TikTok has just changed its community guidelines. You probably got the banner when you opened the app and clicked ok (who reads them anyway) but what do the changes mean for your user experience?
The biggest changes will affect what you see on the For You Page (FYP). The app is working to limit the dangerous and spammy content that appear on the feed.
Unoriginal, low-quality content will not be given a bump to the FYP. This means you’ll be seeing fewer scenes from TV shows or movies, less content that has been visibly reposted from other apps, static images, gifs and anything with a QR code. For many, this is likely a good thing and will filter out a lot of the unwanted videos that pop up.
They are also now reporting any content that poses a real-life threat to law enforcement.
Only videos from users over age 16 will be suggested on the FYP. They are also adding to their definitions of grooming in the guidelines and will be detecting any content that tried to move minors to connect with adults on other apps.
This is a move to protect younger users on the app likely following the ongoing debate about how age-appropriate popular content is.
They are also cracking down on over-sexualised content. That’s any content with “implied nudity, sexualised body parts, or is blatantly erotic or sensual” (e.g, stripteases).
Tobacco products, drinking and alcohol, stunts and dangerous activities will also not appear on the FYP. That means no drink mixing videos (sad face) but also any content that is graphic, violent or harmful won’t be suggested (which is definitely a good thing).
This content will be searchable, it just won’t be suggested to users via their FYP. There is also a public interest factor. Basically, if TikTok thinks that it’s something the public should see then they may put it on the FYP. It’s unclear what types of videos this might include.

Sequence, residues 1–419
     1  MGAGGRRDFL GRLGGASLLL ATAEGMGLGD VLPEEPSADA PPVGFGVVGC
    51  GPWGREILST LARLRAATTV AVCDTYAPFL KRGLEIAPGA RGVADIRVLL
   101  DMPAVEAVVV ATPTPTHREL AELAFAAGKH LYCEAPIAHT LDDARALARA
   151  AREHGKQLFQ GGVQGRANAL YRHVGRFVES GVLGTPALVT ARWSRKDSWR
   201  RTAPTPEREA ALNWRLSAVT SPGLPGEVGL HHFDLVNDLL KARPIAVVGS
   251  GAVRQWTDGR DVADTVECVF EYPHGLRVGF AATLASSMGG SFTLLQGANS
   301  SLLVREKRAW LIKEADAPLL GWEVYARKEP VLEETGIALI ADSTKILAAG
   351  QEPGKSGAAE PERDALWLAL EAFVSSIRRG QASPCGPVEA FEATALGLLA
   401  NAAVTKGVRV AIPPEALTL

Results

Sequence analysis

The company has widened what they define as “violent extremism” and has laid out how they will remove it from the platform.
The new guidelines also ban a whole swathe of anti-LGBT+ content. This includes misgendering, deadnaming and promoting conversion therapy. The changes were made following pressure by LGBT+ charities like GLAAD.
TikTok is apparently also expanding its automated system so they can catch more harmful content.
All in all, these changes seem pretty positive. The moves they are making to protect young people and LGBT+ communities have been a long time coming and should help make the app more accessible for all.
If you are sad about missing out on thirst traps then you’ll just have to find your fix somewhere else (and maybe Noah Beck will have to get better at dancing now).
The changes to what is getting recommended to users seem like a welcomed move and will hopefully make the content we see even better.
Featured image credit: Pixabay.